Meelin minnows aim to scale new heights
Published 12/02/2011 | 05:00
MEELIN'S main claim to fame is that it is the highest village in Ireland -- 832 feet above sea level -- but its hurlers are hoping to put it on the map for a greater reason in Croke Park tomorrow.
Given that they are facing a Kilkenny team -- John Lockes, of Callan and John Power fame -- the team from the tiny north Cork village are undoubtedly the underdogs in the AIB All-Ireland junior hurling club final.
They form half of a classic Cork versus Kilkenny hurling double-header at HQ, as the intermediate final pits fellow Rebels Ballymartle against Noresiders Dicksboro.
But if anyone captures the fairytale nature of the All-Ireland club championship it is Meelin, who come from a non-traditional hurling area near the Kerry/Limerick border, best known in recent times for producing All-Ireland winning ladies footballers.
They won their first divisional title (Duhallow) in 13 years in 2009, only to be immediately dumped out in the first round of the Cork junior championship. Yet, last season they went all the way to the county final, where they beat a Cloughduv team managed by local hurling royalty, Jimmy Barry-Murphy.
Their subsequent odyssey to Croke Park has taken them over land and sea; past Effin (Limerick) and St Patrick's (Tipperary) in Munster before a trip to Birmingham, along with a 300-strong support, to face Lancashire's Fullen Gaels and then a semi-final victory over Barna of Galway.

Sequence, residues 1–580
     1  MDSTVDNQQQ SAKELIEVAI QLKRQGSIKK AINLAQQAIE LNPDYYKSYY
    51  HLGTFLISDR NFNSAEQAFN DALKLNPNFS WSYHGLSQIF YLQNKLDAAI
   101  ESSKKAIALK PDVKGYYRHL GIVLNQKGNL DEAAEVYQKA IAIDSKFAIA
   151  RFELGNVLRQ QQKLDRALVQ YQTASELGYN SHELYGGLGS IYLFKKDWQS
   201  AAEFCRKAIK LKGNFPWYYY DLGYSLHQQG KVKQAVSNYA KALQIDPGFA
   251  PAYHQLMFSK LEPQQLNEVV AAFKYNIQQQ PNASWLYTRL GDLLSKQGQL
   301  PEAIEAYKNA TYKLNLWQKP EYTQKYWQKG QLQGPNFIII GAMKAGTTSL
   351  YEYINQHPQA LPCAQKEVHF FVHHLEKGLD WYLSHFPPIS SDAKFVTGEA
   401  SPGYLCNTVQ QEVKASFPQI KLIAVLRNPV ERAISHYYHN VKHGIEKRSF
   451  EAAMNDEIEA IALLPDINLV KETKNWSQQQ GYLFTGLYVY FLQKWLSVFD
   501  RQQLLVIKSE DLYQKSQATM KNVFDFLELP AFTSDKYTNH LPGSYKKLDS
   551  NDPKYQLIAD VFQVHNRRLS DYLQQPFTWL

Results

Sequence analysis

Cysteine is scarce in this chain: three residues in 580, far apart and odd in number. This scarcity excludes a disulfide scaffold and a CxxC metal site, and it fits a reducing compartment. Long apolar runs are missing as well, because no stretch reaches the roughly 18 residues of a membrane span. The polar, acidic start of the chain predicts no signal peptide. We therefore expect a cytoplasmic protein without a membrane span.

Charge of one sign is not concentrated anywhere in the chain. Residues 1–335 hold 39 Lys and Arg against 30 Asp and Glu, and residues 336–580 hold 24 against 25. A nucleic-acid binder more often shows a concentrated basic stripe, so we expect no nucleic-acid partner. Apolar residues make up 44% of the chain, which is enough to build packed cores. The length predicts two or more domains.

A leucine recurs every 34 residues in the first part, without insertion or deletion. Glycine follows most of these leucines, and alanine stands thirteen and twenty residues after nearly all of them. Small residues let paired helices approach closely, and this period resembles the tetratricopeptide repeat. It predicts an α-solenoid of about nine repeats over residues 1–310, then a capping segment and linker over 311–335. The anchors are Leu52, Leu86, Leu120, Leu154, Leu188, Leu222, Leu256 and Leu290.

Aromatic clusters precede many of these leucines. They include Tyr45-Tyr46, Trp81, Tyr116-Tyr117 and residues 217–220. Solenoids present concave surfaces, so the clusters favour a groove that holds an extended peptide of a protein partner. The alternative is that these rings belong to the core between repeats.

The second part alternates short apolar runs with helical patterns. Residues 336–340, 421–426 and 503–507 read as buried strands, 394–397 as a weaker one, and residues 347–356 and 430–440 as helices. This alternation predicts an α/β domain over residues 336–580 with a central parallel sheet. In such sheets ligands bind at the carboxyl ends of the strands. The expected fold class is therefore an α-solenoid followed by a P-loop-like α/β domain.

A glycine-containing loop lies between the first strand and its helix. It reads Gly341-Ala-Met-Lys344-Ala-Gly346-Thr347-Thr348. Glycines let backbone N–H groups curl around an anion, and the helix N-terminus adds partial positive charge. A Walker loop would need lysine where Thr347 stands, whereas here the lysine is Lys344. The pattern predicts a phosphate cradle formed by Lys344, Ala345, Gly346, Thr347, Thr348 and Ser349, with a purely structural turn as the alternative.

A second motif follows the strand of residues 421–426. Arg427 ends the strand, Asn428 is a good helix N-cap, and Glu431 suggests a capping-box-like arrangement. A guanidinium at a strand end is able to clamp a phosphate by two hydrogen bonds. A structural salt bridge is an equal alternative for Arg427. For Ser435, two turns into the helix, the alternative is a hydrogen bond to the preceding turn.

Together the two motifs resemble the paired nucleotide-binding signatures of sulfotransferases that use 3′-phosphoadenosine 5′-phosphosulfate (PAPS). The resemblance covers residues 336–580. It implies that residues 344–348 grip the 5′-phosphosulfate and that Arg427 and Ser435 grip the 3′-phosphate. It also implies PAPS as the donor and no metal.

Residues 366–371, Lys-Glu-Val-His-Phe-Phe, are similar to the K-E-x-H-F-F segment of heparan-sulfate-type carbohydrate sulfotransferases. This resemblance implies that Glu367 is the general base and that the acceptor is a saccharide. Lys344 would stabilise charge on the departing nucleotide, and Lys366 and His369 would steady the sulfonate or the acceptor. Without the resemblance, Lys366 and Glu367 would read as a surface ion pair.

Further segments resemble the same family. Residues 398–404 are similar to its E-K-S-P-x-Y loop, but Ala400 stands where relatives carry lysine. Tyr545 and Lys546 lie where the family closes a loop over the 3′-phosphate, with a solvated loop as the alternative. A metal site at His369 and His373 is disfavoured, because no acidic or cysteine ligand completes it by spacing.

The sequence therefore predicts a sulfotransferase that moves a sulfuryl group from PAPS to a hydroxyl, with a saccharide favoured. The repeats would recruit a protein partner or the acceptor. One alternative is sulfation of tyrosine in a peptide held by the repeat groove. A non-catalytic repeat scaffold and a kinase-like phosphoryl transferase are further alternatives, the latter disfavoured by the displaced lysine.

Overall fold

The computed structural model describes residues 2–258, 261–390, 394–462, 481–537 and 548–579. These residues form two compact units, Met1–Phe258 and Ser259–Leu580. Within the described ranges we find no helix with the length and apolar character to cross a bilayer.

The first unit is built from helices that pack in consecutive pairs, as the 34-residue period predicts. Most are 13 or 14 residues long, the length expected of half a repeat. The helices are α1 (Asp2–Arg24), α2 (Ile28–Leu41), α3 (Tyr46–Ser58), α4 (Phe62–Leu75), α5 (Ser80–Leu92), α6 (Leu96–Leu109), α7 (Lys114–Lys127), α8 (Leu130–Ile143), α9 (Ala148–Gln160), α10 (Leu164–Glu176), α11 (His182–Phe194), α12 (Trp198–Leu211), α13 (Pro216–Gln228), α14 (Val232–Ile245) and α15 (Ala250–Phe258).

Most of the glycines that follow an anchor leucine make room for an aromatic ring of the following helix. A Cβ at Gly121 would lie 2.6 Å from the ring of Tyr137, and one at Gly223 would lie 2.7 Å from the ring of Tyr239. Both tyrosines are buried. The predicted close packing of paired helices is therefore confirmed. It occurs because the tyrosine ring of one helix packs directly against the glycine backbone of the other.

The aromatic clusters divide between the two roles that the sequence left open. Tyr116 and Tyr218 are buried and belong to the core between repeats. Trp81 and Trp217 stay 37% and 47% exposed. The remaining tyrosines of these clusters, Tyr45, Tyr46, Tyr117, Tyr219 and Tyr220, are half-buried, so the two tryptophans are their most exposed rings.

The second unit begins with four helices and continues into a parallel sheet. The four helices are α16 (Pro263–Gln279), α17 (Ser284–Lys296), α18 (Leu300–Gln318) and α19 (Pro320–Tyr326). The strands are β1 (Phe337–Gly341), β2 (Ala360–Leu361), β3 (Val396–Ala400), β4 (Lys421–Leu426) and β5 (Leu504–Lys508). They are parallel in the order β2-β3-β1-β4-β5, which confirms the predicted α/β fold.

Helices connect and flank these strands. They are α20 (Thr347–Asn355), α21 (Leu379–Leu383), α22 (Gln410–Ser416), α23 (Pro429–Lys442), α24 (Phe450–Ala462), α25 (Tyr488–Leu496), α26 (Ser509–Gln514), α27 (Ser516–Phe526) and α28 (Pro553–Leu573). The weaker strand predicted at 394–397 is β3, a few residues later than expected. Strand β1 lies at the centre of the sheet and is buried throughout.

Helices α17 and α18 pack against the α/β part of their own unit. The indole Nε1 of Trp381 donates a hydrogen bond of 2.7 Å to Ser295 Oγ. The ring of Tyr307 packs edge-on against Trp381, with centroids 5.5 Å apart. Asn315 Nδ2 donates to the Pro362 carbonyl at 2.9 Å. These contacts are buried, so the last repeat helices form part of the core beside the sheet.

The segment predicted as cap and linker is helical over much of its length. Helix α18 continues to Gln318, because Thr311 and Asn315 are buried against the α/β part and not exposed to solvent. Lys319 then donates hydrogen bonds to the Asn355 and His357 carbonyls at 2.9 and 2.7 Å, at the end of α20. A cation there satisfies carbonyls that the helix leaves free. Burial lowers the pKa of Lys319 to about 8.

The village -- which contains 200 houses, two pubs, two shops and a church with a three-foot rise between the entrance and altar -- is emblematic of so many rural communities caught in the vice-grip of the economic crisis.
Several of their players are now being tempted by the lure of work across the globe. Yet hurling has held the small community together and yielded some hope and joy in these tough times, especially with the prospect of playing in Cork's intermediate ranks for the first time in their history.
"Getting promoted to intermediate is really a huge thing for us, on top of reaching the All-Ireland final," explains club secretary Bridie Murphy.
"The average age of the team is 23 and like a lot of clubs we'd have a few lads who are desperately looking for work at the moment. But this success has been a huge boost and they'll probably stay at home until the end of the year at least because of the hurling."
Murphy is equally devoted. She has been club secretary for 22 years, but insists it's far from a one-woman show.
"We're a small community and if you ever need help you just send out a text and people get straight back to you," she says. "We've had a particularly good juvenile committee in the last 10 to 12 years, which has really helped develop our current team."
Yet in Cork hurling terms they are still minnows.
Apart from Bernie O'Connor (father of Cork stars Ben and Jerry) and Ned Brosnan, few Meelin men have even worn a Cork jersey and none of the current team have ever done so, even at underage level.
"That's why going to Croke Park is such a huge thing," Murphy adds. "We know we're up against it with any Kilkenny team, we'd expect a lot of them to have played there at some level with the county. This is completely new to us, but that's why it is such a huge thing for the club and our players."